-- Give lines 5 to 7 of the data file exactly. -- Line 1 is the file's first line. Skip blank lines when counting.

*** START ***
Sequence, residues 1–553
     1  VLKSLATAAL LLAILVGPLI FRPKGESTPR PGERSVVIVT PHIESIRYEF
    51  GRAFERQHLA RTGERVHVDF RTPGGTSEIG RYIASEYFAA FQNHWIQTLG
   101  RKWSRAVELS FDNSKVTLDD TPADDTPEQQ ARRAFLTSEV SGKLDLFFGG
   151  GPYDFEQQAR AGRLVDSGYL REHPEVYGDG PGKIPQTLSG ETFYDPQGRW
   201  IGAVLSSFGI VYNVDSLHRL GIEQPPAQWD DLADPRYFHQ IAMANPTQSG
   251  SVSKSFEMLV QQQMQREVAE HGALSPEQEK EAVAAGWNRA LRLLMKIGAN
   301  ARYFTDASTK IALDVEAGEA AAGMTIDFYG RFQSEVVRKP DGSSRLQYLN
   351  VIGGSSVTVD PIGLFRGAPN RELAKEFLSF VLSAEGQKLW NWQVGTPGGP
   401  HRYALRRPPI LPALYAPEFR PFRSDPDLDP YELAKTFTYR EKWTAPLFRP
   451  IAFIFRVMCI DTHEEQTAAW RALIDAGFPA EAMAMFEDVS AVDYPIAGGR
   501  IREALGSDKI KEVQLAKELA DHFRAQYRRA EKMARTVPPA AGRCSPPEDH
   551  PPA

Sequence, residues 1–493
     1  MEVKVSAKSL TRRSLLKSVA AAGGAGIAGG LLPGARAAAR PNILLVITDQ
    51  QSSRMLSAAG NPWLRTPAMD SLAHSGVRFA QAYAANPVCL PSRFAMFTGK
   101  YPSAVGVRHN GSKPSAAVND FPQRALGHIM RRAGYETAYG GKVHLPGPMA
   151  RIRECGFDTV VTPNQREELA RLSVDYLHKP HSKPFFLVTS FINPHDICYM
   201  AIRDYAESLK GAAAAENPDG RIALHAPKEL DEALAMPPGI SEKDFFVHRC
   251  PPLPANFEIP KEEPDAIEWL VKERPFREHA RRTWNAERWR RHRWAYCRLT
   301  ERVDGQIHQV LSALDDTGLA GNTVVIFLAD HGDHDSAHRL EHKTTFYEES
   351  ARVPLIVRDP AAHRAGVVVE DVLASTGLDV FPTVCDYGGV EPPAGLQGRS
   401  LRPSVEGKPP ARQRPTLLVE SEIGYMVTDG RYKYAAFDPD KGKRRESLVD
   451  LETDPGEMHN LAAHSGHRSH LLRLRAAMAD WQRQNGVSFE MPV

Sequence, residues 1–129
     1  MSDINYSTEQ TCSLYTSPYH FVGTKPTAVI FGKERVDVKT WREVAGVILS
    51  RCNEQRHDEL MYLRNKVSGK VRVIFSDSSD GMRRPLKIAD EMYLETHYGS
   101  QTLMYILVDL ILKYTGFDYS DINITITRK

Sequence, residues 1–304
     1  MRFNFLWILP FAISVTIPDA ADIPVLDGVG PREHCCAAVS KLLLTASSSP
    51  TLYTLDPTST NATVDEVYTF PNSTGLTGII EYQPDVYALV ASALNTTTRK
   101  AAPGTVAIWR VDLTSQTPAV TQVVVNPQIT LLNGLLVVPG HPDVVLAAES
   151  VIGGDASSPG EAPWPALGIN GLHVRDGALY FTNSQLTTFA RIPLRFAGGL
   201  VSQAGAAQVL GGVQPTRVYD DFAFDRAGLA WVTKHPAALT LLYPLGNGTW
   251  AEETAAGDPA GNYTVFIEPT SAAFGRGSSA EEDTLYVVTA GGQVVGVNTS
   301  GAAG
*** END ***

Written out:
   151  GPYDFEQQAR AGRLVDSGYL REHPEVYGDG PGKIPQTLSG ETFYDPQGRW
   201  IGAVLSSFGI VYNVDSLHRL GIEQPPAQWD DLADPRYFHQ IAMANPTQSG
   251  SVSKSFEMLV QQQMQREVAE HGALSPEQEK EAVAAGWNRA LRLLMKIGAN